Could Secret Service Lapses Cost Director Julia Pierson?

Secret Service Director Julia Pierson is in the hot seat over the White House break-in a couple weeks ago. Could it cost her her job?

Could Secret Service Lapses Cost Director Julia Pierson?
Getty Images / Chip Somodevilla

Secret Service Director Julia Pierson was — as many outlets described — in the hot seat on Tuesday as lawmakers grilled her on lapses in the Secret Service's record in the wake of an intruder breaking into the White House earlier this month.

Pierson testified before the House of Representatives Oversight Committee and clarified how far the intruder — identified as 42-year-old Omar J. Gonzalez —made it into the compound before being tackled by an agent. (Video via Library of Congress)

PIERSON VIA LIBRARY OF CONGRESS: "The officer then engaged Mr. Gonzalez, they crossed into the East Entrance Hall together, made the left turn down the Cross Hall, they stepped momentarily into the East Room, another officer rendered aid, and he was on the ground on the carpet and handcuffed on the Cross Hall, just outside of the Green Room."

Perhaps more concerning, on Tuesday we learned from The Washington Post that agent was off duty and "coincidentally in the house." 

And while that conflicts with some media reports:

JIM ACOSTA FOR CNN: "He went past the stairs leading up to the First Family residence and then ran into the East Room before he was tackled."

It also gives way more details than the original Secret Service press release, which just says Gonzalez "was physically apprehended after entering the White House North Portico doors."

Pierson's account doesn't necessarily conflict with the press release, but many have argued the press release played down the gravity of the breach, with some even calling the Secret Service's reaction misleading. But the hearing wasn't just about the Gonzalez incident. 

REP. DARRELL ISSA (R-CALIF.) VIA LIBRARY OF CONGRESS: "In fact, on Nov. 11, 2011, shots were fired, the assailant left, while in fact the Secret Service supervisor shut down the response of people who believed, rightfully, there had been shots fired."

That's referring to a report from The Washington Post from Saturday, which detailed how in 2011 it took the Secret Service four days to realize a man — Oscar Ortega-Hernandez — fired a semi-automatic rifle at the White House.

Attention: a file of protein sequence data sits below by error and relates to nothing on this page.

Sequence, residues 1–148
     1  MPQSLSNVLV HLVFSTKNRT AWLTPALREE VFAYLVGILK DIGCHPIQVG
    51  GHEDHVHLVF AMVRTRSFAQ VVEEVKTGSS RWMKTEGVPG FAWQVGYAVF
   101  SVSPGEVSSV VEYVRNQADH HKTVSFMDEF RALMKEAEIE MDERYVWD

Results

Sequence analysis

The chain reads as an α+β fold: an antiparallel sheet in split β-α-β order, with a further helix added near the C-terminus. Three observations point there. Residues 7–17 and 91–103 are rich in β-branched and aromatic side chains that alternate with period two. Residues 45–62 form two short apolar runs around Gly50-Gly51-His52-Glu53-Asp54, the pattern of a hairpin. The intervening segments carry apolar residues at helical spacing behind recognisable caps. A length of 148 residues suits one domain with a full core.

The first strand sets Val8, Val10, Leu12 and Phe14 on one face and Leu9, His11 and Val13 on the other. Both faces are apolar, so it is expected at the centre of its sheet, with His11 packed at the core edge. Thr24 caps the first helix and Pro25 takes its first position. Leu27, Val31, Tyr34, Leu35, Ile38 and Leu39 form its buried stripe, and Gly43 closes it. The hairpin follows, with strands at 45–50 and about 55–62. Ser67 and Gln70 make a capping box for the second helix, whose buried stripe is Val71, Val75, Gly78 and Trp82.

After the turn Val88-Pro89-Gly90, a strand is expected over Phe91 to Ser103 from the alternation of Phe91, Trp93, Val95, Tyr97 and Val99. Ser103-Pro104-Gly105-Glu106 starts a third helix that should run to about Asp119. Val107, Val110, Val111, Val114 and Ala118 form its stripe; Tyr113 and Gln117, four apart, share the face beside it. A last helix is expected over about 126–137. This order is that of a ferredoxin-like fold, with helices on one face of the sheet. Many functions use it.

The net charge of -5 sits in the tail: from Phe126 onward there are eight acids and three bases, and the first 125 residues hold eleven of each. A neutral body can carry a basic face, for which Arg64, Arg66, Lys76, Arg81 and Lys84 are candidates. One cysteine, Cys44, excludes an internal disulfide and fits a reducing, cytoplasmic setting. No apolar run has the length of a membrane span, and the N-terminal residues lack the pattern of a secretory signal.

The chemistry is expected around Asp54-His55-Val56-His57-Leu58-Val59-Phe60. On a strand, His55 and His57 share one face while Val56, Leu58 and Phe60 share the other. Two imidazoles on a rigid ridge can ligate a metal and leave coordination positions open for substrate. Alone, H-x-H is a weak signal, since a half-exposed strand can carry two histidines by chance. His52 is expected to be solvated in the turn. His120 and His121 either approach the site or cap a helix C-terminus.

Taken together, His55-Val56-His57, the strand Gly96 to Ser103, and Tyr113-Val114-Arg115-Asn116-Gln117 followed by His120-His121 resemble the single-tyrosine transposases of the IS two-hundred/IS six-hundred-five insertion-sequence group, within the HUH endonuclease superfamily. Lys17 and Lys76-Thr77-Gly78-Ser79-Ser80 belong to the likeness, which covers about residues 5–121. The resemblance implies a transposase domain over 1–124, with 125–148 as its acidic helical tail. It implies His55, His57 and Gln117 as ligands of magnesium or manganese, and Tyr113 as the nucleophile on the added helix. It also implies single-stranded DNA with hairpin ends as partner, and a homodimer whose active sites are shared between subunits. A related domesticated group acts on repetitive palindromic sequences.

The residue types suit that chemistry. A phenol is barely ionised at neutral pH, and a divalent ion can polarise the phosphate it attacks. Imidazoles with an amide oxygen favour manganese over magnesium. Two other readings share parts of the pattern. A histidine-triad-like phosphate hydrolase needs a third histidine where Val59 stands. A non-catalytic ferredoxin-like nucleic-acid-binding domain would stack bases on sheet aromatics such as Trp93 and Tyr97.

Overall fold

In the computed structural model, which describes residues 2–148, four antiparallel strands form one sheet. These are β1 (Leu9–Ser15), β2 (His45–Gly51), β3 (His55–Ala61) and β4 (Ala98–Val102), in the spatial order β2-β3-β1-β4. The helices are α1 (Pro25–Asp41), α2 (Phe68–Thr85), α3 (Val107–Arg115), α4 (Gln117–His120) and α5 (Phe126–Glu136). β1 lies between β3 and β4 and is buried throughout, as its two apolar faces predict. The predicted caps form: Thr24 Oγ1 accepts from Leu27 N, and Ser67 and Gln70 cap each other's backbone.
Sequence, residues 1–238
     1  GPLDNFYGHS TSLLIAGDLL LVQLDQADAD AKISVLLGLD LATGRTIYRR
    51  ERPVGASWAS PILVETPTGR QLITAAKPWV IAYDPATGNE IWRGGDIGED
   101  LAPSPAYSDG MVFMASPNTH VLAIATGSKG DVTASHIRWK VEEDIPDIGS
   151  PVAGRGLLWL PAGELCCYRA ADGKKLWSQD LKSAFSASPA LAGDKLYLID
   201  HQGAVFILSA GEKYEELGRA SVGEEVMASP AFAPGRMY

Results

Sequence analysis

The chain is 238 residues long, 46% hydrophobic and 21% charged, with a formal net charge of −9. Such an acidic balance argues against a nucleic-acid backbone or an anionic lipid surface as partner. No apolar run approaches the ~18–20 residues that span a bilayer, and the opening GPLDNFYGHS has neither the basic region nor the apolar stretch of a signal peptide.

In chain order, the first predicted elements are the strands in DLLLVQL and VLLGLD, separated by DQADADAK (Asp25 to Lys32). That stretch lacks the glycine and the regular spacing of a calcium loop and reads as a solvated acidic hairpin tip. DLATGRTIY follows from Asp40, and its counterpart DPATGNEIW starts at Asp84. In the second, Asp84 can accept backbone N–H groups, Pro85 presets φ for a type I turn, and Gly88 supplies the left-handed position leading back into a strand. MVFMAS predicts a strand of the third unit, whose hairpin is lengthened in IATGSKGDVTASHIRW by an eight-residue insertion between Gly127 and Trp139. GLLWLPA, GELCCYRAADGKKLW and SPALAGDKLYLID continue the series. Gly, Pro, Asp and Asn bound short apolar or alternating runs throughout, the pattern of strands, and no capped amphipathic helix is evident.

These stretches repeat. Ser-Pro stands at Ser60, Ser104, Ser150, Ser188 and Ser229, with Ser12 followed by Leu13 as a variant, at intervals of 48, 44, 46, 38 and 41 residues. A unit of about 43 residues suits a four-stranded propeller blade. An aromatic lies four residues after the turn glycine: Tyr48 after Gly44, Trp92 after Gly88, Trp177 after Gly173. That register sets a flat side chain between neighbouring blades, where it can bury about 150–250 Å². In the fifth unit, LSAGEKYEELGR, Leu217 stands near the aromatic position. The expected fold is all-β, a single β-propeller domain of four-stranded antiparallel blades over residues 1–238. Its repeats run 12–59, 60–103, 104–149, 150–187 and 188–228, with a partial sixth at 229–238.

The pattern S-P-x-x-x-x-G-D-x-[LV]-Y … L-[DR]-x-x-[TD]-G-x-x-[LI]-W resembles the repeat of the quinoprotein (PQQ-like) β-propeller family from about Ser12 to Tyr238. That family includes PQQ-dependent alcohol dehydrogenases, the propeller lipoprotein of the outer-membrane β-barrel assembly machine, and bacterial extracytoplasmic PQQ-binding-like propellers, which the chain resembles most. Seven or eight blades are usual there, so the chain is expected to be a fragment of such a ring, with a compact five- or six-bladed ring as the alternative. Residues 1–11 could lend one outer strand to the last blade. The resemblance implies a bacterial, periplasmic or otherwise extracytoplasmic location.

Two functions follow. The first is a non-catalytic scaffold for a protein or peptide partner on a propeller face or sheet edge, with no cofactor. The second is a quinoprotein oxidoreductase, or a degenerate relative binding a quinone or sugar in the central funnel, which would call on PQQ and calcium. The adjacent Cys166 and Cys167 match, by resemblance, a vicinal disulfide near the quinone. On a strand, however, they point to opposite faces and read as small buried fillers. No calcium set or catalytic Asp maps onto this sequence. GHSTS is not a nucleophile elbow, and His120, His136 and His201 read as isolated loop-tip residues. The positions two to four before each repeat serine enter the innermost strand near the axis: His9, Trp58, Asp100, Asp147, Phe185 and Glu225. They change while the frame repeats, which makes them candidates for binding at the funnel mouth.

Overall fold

The Post — which has been doing extensive reporting on that and this latest breach — says at least one agent who said she thought she heard gunshots was told to stand down and her concerns were later largely ignored. It's worth noting Pierson was the agency's chief of staff at the time and not director — but that didn't stop some lawmakers from questioning if the problem with the service isn't systemic. 

REP. ELIJAH CUMMINGS (D-MD) VIA LIBRARY OF CONGRESS: "This agency — if they'd rather be a whistle-blower than to bring their concerns to you ... if you're heading an agency where the folks are not providing you with the information to do the right thing, to make the changes, how do you even know what the problems are?"

When that incident is compounded by the revelation that in 2012, 13 Secret Service agents hired prostitutes during a presidential visit to Colombia — during which time Pierson was also chief of staff — it's easy to see why the agency would be under such scrutiny. (Video via CBS)

In fact, a writer for The New York Times argued the possibility of Pierson losing her job over the Gonzalez incident would be the subtext to the hearings, although President Obama has come out and supported her and the Secret Service after the fence-jumping incident. 

As for Gonzalez, he's in custody and reportedly faces unlawful entry charges, among others. 

This video includes a Getty Image.